8. ^ Communications, United States Congress Senate Committee on Commerce, Science, and Transportation Subcommittee on (1988). Public Telecommunications Act of 1988: Hearing Before the Subcommittee on Communications of the Committee on Commerce, Science, and Transportation, United States Senate, One Hundredth Congress, Second Session on S. 2114 ... March 15, 1988. U.S. Government Printing Office.
  9. ^ Transportation, United States Congress Senate Committee on Commerce, Science, and (1988). Nominations--July-September: Hearings Before the Committee on Commerce, Science, and Transportation, United States Senate, One Hundredth Congress, Second Session, on July 14, 1988, Leslee Alexander ... Corporation for Public Broadcasting; September 9, 1988, B. Kent Burton ... Department of Commerce; September 15, 1988, Thomas Griscom ... Communications Satellite Corporation. U.S. Government Printing Office.
  10. ^ Birdwell, C. Scott (September 1995). "PBS Delivers Digital Compressed Video, Audio and Data". Proceedings 137th SMPTE Technical Conference and World Media Expo: 370–381. doi:10.5594/M00506.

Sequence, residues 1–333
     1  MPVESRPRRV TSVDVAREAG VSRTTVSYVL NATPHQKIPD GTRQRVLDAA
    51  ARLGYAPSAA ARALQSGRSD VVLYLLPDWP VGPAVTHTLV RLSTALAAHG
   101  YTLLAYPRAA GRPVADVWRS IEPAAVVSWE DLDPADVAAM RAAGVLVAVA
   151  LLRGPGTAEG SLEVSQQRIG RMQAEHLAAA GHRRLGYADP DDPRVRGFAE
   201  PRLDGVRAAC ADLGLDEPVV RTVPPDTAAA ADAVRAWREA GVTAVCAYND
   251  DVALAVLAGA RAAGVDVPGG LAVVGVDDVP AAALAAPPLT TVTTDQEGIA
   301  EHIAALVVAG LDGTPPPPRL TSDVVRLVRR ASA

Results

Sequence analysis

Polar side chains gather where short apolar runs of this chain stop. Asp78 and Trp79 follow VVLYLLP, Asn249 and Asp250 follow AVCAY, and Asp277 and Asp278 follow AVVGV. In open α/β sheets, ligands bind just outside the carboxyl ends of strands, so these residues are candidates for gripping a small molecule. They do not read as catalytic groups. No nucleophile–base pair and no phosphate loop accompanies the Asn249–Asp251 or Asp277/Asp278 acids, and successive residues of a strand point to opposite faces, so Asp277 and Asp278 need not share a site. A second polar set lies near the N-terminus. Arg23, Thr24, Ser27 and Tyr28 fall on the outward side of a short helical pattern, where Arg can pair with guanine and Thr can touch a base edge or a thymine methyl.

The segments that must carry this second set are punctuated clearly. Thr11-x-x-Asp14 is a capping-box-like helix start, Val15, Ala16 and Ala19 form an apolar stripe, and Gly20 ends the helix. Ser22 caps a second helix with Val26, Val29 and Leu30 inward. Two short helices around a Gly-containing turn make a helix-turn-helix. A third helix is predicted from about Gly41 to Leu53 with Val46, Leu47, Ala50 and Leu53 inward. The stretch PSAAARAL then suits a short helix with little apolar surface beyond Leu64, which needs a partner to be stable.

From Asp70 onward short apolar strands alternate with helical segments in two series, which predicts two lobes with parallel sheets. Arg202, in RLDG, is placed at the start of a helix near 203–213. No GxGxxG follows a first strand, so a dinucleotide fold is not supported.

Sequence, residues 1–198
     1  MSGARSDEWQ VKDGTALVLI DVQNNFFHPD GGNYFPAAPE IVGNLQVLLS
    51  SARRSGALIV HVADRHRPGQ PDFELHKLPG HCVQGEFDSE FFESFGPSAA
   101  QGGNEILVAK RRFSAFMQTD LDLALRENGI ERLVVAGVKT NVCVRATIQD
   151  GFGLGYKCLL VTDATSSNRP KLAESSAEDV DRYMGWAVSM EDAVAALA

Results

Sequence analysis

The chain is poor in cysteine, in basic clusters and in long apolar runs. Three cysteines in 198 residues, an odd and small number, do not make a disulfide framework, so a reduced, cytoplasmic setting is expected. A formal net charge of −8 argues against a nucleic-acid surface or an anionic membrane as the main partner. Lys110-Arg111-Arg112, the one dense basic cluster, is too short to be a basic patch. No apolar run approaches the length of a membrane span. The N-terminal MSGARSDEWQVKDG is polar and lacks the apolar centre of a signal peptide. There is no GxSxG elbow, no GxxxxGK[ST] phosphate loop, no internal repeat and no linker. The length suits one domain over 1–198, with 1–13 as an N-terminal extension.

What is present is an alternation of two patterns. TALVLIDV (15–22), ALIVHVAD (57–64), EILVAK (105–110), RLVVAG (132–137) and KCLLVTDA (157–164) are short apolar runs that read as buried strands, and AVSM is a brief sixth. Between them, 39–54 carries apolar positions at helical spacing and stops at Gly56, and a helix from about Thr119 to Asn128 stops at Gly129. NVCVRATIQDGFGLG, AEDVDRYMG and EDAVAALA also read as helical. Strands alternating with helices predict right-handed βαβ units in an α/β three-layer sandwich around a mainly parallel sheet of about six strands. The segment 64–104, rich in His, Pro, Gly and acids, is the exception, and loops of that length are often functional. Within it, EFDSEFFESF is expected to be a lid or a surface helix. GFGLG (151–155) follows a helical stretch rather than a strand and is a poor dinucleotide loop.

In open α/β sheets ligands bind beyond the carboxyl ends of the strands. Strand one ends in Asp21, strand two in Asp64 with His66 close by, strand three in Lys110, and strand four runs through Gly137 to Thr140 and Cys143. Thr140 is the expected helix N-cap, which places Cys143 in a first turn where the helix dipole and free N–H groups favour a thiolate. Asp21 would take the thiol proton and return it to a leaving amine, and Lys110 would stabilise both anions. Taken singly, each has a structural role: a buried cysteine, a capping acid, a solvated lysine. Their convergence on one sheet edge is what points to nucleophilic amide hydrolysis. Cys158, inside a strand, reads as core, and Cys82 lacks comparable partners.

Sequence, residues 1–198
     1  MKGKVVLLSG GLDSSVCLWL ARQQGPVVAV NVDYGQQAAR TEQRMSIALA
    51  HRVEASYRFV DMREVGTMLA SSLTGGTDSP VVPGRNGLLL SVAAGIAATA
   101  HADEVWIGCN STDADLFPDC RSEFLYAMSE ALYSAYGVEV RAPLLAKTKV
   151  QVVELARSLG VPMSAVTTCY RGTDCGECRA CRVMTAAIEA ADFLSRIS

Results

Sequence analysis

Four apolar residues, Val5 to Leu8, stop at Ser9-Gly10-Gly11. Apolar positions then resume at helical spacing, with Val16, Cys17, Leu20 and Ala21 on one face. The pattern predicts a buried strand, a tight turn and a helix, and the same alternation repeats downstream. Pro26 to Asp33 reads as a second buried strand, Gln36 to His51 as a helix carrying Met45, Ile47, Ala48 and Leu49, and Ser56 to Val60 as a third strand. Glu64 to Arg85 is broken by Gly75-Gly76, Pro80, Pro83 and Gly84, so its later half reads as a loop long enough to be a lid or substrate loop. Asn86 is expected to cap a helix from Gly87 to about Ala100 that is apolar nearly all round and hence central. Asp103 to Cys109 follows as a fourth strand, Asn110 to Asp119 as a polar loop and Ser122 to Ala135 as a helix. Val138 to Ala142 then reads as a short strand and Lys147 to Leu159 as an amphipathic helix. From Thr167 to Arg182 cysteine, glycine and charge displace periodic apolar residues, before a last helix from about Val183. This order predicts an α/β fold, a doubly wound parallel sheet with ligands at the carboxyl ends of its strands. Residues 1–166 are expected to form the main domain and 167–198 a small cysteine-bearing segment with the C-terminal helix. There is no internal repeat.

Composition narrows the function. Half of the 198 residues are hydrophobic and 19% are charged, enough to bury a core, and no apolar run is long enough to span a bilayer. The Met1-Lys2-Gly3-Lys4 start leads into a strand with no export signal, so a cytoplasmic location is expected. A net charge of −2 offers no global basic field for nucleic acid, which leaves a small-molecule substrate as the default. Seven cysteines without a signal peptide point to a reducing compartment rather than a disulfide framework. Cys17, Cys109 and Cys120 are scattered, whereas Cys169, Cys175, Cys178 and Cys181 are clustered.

11. ^ "Current.org | PBS recovers quickly from satellite failure". current.org. Retrieved 2021-05-09.
  12. ^ "AMC 21 at 125.0°W - LyngSat". web.archive.org. 2008-12-17. Retrieved 2021-05-09.
  13. ^ a b c d e f https://www.cpb.org/files/reports/CPB_Interconnection-Cognizant_Assessment_Report.pdf
  14. ^ Fybush, Scott; Contributor, Freelance. "Public TV begins transition to new interconnection system". Current. Retrieved 2021-05-09.
  15. ^ "PBS Opens Request for Information Process for Public Television's Interconnection System". About PBS - Main. Retrieved 2021-05-09.
  16. ^ "It's Official: PBS Sunset March 4th, 2019". SatelliteGuys.US. Retrieved 2021-05-09.
  17. ^ https://www.newmexicopbs.org/wp-content/uploads/2020/02/TV5-2096-A-LCS-Report-2019-final.pdf
  18. ^ "YOUR FANTASTIC MIND | NETA". www.netaonline.org. Retrieved 2021-05-09.
  19. ^ "SONGS AT THE CENTER | NETA". www.netaonline.org. Retrieved 2021-05-09.
  20. ^ Finance, United States Congress House Committee on Energy and Commerce Subcommittee on Telecommunications and (1989). Satellite Scrambling: Hearing Before the Subcommittee on Telecommunications and Finance of the Committee on Energy and Commerce, House of Representatives, One Hundredth Congress, First [and Second] Session on H.R. 1885. U.S. Government Printing Office.
  21. ^ http://pbs.bento.storage.s3.amazonaws.com/hostedbento-prod/filer_public/TechCon2014/TC14%20Presentations/VECCHI_OPENING%20CEREMONIES_V21.pdf
This page was last edited on 3 June 2021, at 18:12